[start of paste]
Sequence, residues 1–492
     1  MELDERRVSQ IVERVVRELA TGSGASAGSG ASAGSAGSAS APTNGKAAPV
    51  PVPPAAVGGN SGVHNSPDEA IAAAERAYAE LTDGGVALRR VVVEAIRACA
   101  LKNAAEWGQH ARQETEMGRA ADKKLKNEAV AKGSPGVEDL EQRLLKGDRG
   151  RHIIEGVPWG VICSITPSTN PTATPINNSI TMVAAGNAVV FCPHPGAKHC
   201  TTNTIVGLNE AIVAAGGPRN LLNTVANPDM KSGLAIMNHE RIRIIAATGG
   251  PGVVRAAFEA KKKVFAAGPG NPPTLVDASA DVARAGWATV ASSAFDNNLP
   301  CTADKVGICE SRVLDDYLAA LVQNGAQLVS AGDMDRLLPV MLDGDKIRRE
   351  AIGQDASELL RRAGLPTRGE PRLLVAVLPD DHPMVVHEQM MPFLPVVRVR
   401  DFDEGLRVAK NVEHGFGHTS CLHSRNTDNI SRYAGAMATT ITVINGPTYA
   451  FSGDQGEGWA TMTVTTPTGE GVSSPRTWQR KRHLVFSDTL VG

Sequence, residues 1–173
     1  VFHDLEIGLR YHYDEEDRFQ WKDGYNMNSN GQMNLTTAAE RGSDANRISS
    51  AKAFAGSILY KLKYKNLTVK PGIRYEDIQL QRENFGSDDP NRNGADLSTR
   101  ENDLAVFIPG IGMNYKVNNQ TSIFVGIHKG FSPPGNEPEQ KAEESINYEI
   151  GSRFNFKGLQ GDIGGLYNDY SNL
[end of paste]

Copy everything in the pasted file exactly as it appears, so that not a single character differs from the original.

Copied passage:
Sequence, residues 1–492
     1  MELDERRVSQ IVERVVRELA TGSGASAGSG ASAGSAGSAS APTNGKAAPV
    51  PVPPAAVGGN SGVHNSPDEA IAAAERAYAE LTDGGVALRR VVVEAIRACA
   101  LKNAAEWGQH ARQETEMGRA ADKKLKNEAV AKGSPGVEDL EQRLLKGDRG
   151  RHIIEGVPWG VICSITPSTN PTATPINNSI TMVAAGNAVV FCPHPGAKHC
   201  TTNTIVGLNE AIVAAGGPRN LLNTVANPDM KSGLAIMNHE RIRIIAATGG
   251  PGVVRAAFEA KKKVFAAGPG NPPTLVDASA DVARAGWATV ASSAFDNNLP
   301  CTADKVGICE SRVLDDYLAA LVQNGAQLVS AGDMDRLLPV MLDGDKIRRE
   351  AIGQDASELL RRAGLPTRGE PRLLVAVLPD DHPMVVHEQM MPFLPVVRVR
   401  DFDEGLRVAK NVEHGFGHTS CLHSRNTDNI SRYAGAMATT ITVINGPTYA
   451  FSGDQGEGWA TMTVTTPTGE GVSSPRTWQR KRHLVFSDTL VG

Sequence, residues 1–173
     1  VFHDLEIGLR YHYDEEDRFQ WKDGYNMNSN GQMNLTTAAE RGSDANRISS
    51  AKAFAGSILY KLKYKNLTVK PGIRYEDIQL QRENFGSDDP NRNGADLSTR
   101  ENDLAVFIPG IGMNYKVNNQ TSIFVGIHKG FSPPGNEPEQ KAEESINYEI
   151  GSRFNFKGLQ GDIGGLYNDY SNL